After a long winning streak, the Dow Jones Industrials (DJINDICES:^DJI) finally gave up ground last week, with a modest decline of just less than 1%. A rise in geopolitical tension came from a somewhat unexpected direction as unrest in Iraq flared into a near-disintegration of the nation's military force, and that has investors on edge that a response from the U.S. and other Western allies could recommit resources and personnel to the area. Yet even though those fears hurt a large part of the market, Intel (NASDAQ:INTC) and Chevron (NYSE:CVX) posted solid gains during the week for two very different reasons.
Intel's 6% gain on the week came after the chip giant revealed a surprise of its own: PC demand has been much stronger than most investors had expected over the past few months. Intel boosted its second-quarter sales guidance by 5%, and it now expects at least some positive movement in its overall revenue for the full year after having initially projected that its sales would be largely unchanged. That news reversed a long-term trend in the PC market, with the company having seen consistent declines for years as consumers moved away from PCs toward mobile devices, in which Intel's development has lagged behind other chipmaker rivals.
The big question for Intel is whether this rise in demand will be sustained. Some noted that the fact that the old Windows XP operating system is no longer getting support could have prompted would-be holdout business customers into finally upgrading their systems. If that's the primary motivating factor, then Intel could easily see a one-time spike that gives way to the longer-term downtrend in the industry. On the other hand, if business customers actually get a boost in productivity as a result of their increased spending in the area, then Intel might see a growing wave of business from buyers looking for similar gains. From this week's share-price jump, Intel investors are counting on the latter being true.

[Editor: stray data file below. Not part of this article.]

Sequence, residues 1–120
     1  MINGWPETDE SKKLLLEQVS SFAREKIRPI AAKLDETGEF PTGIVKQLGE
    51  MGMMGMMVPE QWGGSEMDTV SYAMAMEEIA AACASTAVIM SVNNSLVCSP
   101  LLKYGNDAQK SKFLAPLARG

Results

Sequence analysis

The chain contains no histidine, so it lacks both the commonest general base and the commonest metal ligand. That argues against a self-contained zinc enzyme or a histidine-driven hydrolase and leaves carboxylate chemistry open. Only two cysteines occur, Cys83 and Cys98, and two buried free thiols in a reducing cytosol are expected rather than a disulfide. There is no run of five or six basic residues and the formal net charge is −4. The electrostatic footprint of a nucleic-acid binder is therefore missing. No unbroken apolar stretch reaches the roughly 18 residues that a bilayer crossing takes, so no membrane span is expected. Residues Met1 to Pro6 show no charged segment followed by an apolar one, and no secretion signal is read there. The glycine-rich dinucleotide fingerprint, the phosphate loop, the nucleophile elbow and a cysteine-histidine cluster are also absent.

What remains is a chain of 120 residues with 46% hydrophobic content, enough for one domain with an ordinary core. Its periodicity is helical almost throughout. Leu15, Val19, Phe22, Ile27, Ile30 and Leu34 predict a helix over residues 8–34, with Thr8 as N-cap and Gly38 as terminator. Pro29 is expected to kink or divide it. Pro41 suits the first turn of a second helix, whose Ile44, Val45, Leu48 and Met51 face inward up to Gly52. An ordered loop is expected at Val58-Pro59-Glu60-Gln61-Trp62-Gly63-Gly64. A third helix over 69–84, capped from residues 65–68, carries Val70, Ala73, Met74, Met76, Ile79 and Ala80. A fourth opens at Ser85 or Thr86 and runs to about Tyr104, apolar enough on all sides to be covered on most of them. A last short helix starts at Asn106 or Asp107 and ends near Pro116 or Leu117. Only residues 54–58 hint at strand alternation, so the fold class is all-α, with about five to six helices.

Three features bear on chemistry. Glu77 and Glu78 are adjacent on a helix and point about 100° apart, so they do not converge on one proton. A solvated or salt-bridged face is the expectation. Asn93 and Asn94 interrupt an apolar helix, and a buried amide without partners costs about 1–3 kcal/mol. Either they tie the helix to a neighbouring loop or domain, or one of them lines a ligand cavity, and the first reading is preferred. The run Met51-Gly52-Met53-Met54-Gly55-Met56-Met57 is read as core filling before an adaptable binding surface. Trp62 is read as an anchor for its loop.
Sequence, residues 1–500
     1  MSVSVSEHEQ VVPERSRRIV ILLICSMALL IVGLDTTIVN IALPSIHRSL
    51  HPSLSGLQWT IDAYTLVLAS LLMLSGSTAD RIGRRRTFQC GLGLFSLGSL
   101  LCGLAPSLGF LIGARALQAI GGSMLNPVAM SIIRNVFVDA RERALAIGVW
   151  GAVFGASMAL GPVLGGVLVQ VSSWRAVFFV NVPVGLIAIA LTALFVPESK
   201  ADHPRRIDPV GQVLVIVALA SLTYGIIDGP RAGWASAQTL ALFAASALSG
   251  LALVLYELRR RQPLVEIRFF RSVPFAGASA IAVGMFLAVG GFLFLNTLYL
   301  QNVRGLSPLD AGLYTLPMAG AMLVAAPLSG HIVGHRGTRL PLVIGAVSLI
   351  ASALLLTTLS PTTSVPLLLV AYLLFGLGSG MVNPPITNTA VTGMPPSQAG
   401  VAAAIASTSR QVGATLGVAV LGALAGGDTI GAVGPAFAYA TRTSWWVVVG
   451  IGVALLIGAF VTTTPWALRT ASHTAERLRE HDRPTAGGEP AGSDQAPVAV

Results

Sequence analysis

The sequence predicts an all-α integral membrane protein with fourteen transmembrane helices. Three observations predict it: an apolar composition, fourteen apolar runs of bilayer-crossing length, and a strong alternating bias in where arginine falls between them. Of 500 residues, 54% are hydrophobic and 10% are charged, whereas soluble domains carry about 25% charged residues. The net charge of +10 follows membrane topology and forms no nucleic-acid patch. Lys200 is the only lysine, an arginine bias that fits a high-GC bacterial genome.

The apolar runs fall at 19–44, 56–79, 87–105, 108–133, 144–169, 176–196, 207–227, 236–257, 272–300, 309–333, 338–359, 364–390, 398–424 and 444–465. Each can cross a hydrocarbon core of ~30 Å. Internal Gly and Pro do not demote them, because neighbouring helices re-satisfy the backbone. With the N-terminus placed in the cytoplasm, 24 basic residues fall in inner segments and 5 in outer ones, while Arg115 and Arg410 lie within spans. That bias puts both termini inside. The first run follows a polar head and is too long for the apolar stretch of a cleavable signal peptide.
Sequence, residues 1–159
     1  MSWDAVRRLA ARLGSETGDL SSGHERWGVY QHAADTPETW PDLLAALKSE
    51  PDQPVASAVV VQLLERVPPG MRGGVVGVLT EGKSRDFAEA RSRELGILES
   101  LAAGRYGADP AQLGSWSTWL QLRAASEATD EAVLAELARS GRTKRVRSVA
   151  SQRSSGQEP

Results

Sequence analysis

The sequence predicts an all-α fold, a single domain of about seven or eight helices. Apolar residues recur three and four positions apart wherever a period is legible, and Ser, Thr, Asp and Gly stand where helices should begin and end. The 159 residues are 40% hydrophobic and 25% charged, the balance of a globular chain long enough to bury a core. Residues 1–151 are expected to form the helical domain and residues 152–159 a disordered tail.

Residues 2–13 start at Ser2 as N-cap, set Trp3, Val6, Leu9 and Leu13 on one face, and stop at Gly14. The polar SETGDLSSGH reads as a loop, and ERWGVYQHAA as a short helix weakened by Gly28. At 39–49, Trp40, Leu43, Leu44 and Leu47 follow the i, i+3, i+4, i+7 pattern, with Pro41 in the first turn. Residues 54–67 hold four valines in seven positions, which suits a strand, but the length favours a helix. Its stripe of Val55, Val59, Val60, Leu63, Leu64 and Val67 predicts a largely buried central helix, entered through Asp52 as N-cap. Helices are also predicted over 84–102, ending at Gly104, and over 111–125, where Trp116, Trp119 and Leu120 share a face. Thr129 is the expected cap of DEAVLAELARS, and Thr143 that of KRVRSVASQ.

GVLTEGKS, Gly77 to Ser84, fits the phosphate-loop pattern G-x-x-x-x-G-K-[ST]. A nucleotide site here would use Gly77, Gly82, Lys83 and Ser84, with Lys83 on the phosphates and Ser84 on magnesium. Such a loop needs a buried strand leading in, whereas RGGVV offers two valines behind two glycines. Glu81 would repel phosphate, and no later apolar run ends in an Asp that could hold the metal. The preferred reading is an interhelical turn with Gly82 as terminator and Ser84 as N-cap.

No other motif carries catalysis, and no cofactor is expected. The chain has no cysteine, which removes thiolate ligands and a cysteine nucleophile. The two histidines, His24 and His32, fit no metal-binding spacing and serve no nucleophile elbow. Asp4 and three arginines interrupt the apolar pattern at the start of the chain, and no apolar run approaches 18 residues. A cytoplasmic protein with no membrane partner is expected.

For Chevron, the rise in oil prices that accompanied Middle East tension helped pull shares up by 2.5% on the week. Chevron's revenue and profits are highly dependent on the prevailing price of oil and natural gas around the world, and when supply and-demand factors favor higher oil prices, Chevron and its oil-giant peers necessarily benefit.
Of course, if Chevron's major production areas were affected by the cause of the oil-price rise, then the hit to earnings would offset gains from higher prices. Chevron has some exposure to Iraq, with recent efforts to drill exploratory wells in the Kurdish region potentially in danger as a result of the conflict. Yet growth opportunities abound in other parts of the country, and although Chevron faces the constant pressure of finding new resources to replace dwindling production from played-out wells, those who expect higher energy prices to persist should likely see Chevron stock as a bargain.